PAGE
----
CULTURE & THE ARTS:
Levine's L&L Does Loesser
AUFBAU 62:3 Feb. 2, 1996 p13
Copyright by Leonard Lehrman & AUFBAU
January 26, 1996
After a quarter-century, starting its 26th season with four sold-out performances January 21-22, Maurice Levine's "Lyrics and Lyricists" series (a.k.a. "L&L") at the 92nd Street Y finally got around to the songs of lyricistcomposer Frank Loesser (1910-1969). To be fair, individual works of Loesser's had been featured before, including Guys & Dolls in a show hosted by its original cast star Vivian Blaine. But this was the first full portrait devoted entirely to the man and his work - as designer of words, music, and (even) furniture(!).
Kitty Carlisle Hart hosted, as she had earlier shows on the Gershwins and Cole Porter, with very special guest Jo Sullivan Loesser, the composer's widow, whose radiant soprano has been and still is a joy to hear over the past four decades. Discovered by Marc Blitzstein to play Polly Peachum in Threepenny Opera at the Theatre de Lys, Ms. Sullivan became Loesser's young wife both in his Most Happy Fella and in real life during his final years. A "vigilant keeper of the flame," she later starred in a number of works by and about her husband, including Perfectly Frank, I Hear Music... of Frank Loesser and Friends, and, with their daughter Emily, Together Again for the First Time.
Her latest project will bring to Broadway a stage version she produced in London of the Danny Kaye movie with a score by Loesser: Hans Christian Andersen. One of the Y program's highlights was a song from that show, "Inchworm," sung as a duet by Mrs. Loesser and the amazing Mrs. Hart (at 84 still a joy to hear sing!), preceded by a duonarration of how Moss Hart had been instrumental in getting Frank Loesser hired to work with him on that film.
The program was filled with tidbits and gems from both Broadway and Hollywood, sung and danced by a cast of 8, in which L&L regular Jeanette Palmer proved to be the most energetic, especially in a Betty Hutton number from the 1947 film The Perils of Pauline about the frustrations of living on a floor below a musician. Film clips included the young Dennis King and Jack Benny in a goofy Westerns send-up, Marlene Dietrich in "See What the Boys in the Back Room Will Have" from Destry Rides Again (lyrics by Loesser, music by Friedrich nder), and (in Red, Hot and Blue) Betty Hutton with Loesser himself in the role of a gangster pressuring her to "sing," in two senses of the term.
The show opened with "Heart and Soul" (lyrics by Loesser, music by Hoagy Carmichael), progressing through Loesser's first song with his own music - inspired by a chaplain at Pearl Harbor in 1941: "Praise the Lord and Pass the Ammunition... and we'll all stay free!" Employing various rhymes like "perdition," "mission," etc., it prompted one wag to remark in rhythm when the song was reprised (together with "Heart and Soul") as a sing-along closing the first half: "Now a 15-minute intermission... we can all go pee!"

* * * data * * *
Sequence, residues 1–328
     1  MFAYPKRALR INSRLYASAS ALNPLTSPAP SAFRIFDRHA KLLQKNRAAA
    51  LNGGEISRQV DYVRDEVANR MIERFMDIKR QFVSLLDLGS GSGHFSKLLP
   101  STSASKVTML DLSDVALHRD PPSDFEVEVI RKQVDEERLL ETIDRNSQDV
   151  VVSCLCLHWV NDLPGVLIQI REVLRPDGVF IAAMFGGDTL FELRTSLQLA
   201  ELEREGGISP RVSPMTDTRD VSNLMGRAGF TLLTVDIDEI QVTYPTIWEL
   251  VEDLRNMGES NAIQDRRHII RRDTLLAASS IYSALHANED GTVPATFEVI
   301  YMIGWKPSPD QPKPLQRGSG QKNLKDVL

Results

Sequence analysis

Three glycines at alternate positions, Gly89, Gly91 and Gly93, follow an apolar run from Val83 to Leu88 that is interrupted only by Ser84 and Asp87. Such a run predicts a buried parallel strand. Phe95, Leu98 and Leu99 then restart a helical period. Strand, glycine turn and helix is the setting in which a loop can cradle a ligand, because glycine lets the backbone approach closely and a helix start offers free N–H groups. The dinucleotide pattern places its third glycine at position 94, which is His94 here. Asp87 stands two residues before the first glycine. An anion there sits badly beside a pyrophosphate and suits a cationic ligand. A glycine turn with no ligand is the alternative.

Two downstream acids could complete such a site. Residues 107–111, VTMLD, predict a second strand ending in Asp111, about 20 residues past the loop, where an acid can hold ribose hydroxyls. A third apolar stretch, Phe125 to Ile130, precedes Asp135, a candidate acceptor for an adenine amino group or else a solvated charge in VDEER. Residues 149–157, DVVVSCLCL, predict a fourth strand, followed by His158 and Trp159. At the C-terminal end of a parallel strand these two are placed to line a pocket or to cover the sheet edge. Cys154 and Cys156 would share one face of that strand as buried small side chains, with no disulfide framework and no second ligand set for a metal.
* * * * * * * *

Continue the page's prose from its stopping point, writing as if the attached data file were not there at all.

The second half progressed from the 1948 Where's Charley through Guys & Dolls, Hans Christian Andersen, Most Happy Fella, and How to Succeed (1961), regrettably omitting the lovely Greenwillow and what many consider Loesser's greatest song, "My Time of Day" from Guys & Dolls, not to mention the classic love duet which follows it, "I've Never Been in Love Before." Guys & Dolls' other duet, "I'll Know," was refashioned by Jo as a solo for herself and was, once again, another highlight of the program.
Other L&L shows at the Y this season, music-directed by Barry Levitt with "additional staging" by Pamela Sousa, will feature works by Leonard Bernstein (with whom Maurice Levine studied conducting at Tanglewood) and, of course, Kurt Weill, who chose Maurice Levine to conduct the premiere of his Lost in the Stars, which became Weill's last complete work at his premature death in 1950. Maestro Levine later collaborated with Weill's widow Lotte Lenya on a number of albums, as well as conducting the premieres of Kismet, Flahooley, Carmelina, and revivals of Music in the Air, archy & mehitabel, and Of Thee I Sing. Having worked at the Y since 1947, Levine was musical director of Israel Bond Festivals 1958-71 and of the Metropolitan Synagogue (where I had the honor of substitute conducting for him several times in 1979) into the 1980s.
I asked him and his assistant, Debby Unger, if future programs might include more Friedrich Hollaender or Marc Blitzstein, and received an equivocal answer: "We always have to worry about: 'Are there enough "White Christmas"es to please the audience?'" - i.e. "the recognition factor." Still, one would think that with the new director of the Y's Tisch Center for the Arts, Michael Barrett, who got his start conducting a revival of Blitzstein's
Cradle Will Rock in the 1980s (as did this writer in the 1960s), there might be some positive pressure for such a program.... Meanwhile, on to the second quarter-century for Lyrics & Lyricists!
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